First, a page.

Viruses are extremely tiny parasites made of genetic material, wrapped in proteins and sometimes an outer membrane layer, which hijack living cells to reproduce themselves. We’re exposed to viruses every day, but our immune system prevents the vast majority of them from taking hold – especially those that we’ve fought off before, or been vaccinated against.
The first stages of an infection happen when a virus gets past our physical barriers of skin and mucus, and enters a suitable cell. Once inside, a virus can take over the cell, forcing the cell to make many copies of the virus (replicate), which damages the cell and sometimes kills it. The newly-made viruses are released to find a new cell. We get ill when a virus has established an infection in many cells, and our body’s normal functioning changes.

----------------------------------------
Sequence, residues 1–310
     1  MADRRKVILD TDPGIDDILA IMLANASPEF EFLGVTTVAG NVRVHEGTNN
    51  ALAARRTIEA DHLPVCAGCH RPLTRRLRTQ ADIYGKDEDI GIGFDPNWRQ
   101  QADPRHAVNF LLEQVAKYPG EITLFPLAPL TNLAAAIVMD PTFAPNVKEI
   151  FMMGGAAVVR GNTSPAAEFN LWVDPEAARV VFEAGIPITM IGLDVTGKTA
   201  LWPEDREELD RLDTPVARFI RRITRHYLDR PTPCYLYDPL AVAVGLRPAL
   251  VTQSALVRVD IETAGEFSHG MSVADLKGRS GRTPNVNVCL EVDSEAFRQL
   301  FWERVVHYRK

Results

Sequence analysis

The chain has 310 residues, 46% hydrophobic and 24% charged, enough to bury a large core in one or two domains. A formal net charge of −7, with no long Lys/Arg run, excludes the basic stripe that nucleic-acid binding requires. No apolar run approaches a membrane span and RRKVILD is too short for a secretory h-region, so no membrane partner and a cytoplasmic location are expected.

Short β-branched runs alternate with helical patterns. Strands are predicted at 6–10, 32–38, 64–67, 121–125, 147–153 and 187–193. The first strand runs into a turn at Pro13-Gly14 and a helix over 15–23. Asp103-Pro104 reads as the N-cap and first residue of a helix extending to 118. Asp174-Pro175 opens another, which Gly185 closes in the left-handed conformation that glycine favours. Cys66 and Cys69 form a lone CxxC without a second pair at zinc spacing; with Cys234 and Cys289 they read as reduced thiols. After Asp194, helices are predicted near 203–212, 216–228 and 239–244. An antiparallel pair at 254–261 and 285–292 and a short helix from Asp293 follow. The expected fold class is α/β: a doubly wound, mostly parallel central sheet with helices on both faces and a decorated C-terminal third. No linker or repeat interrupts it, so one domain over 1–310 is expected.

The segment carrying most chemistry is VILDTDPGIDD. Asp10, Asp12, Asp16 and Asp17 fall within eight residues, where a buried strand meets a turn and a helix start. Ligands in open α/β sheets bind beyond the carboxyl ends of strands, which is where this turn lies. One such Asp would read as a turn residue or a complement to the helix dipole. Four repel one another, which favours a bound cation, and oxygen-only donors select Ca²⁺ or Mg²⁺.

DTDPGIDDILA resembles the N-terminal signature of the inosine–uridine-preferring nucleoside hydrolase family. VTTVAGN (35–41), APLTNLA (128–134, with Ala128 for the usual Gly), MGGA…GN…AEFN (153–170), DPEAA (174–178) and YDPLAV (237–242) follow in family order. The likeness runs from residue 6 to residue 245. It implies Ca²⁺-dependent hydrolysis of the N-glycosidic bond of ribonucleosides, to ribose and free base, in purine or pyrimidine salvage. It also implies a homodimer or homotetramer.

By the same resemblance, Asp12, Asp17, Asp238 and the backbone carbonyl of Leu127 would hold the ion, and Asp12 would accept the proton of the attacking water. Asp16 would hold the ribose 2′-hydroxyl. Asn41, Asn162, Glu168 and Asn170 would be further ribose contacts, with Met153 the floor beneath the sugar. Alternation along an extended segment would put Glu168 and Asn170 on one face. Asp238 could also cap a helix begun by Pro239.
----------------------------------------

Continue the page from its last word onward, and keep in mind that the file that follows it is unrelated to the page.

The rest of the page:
Viruses often infect specific places in our bodies, which is where we feel their effect. Rhinoviruses infect our upper airways behind our nose, and we respond with snot and sneezes: a common cold. The coronavirus that emerged in 2019 (called SARS-CoV-2) infects our lower airways, including our lungs, leading to pneumonia.
Our body fights viruses by creating an inflammatory response and calling in specialist cells from our tissues and organs. Some of these cells can make antibodies against the virus, some destroy the infected cells, and others build a memory of the virus for next time. Some of the things that make us feel ill – snot, fever and swollen lymph nodes, for example – are due to our body’s battle to get rid of the virus, not because of the virus itself.
- Why don’t viruses like the flu die off when no one is ill?
- How long can a virus live outside a body?
- Are there any viruses that are beneficial to the human race?
- Can a bacterium be infected by a virus?